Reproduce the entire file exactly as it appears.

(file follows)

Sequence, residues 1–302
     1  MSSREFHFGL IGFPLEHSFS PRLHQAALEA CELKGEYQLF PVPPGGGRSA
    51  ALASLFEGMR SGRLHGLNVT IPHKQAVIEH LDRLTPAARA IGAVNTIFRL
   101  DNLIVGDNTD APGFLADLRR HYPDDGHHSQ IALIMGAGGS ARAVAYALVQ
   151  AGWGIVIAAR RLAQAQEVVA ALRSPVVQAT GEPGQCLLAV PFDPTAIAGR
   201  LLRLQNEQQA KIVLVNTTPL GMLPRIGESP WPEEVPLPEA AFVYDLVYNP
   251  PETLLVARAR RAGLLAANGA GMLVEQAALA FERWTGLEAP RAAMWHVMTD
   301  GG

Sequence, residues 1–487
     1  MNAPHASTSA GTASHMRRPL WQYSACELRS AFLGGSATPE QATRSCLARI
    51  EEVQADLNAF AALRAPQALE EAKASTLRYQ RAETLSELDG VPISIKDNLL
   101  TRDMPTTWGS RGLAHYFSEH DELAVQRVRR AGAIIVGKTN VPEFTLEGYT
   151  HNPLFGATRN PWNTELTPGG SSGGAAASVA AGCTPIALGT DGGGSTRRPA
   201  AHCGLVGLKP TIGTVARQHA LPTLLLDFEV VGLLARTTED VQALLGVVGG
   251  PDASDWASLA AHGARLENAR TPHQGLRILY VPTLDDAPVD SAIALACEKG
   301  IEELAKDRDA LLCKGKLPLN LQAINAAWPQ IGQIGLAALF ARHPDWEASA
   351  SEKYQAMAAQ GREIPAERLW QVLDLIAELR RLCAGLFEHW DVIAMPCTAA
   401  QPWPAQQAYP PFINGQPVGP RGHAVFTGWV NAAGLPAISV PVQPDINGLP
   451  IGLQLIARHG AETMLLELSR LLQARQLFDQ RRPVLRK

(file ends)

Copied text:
Sequence, residues 1–302
     1  MSSREFHFGL IGFPLEHSFS PRLHQAALEA CELKGEYQLF PVPPGGGRSA
    51  ALASLFEGMR SGRLHGLNVT IPHKQAVIEH LDRLTPAARA IGAVNTIFRL
   101  DNLIVGDNTD APGFLADLRR HYPDDGHHSQ IALIMGAGGS ARAVAYALVQ
   151  AGWGIVIAAR RLAQAQEVVA ALRSPVVQAT GEPGQCLLAV PFDPTAIAGR
   201  LLRLQNEQQA KIVLVNTTPL GMLPRIGESP WPEEVPLPEA AFVYDLVYNP
   251  PETLLVARAR RAGLLAANGA GMLVEQAALA FERWTGLEAP RAAMWHVMTD
   301  GG

Sequence, residues 1–487
     1  MNAPHASTSA GTASHMRRPL WQYSACELRS AFLGGSATPE QATRSCLARI
    51  EEVQADLNAF AALRAPQALE EAKASTLRYQ RAETLSELDG VPISIKDNLL
   101  TRDMPTTWGS RGLAHYFSEH DELAVQRVRR AGAIIVGKTN VPEFTLEGYT
   151  HNPLFGATRN PWNTELTPGG SSGGAAASVA AGCTPIALGT DGGGSTRRPA
   201  AHCGLVGLKP TIGTVARQHA LPTLLLDFEV VGLLARTTED VQALLGVVGG
   251  PDASDWASLA AHGARLENAR TPHQGLRILY VPTLDDAPVD SAIALACEKG
   301  IEELAKDRDA LLCKGKLPLN LQAINAAWPQ IGQIGLAALF ARHPDWEASA
   351  SEKYQAMAAQ GREIPAERLW QVLDLIAELR RLCAGLFEHW DVIAMPCTAA
   401  QPWPAQQAYP PFINGQPVGP RGHAVFTGWV NAAGLPAISV PVQPDINGLP
   451  IGLQLIARHG AETMLLELSR LLQARQLFDQ RRPVLRK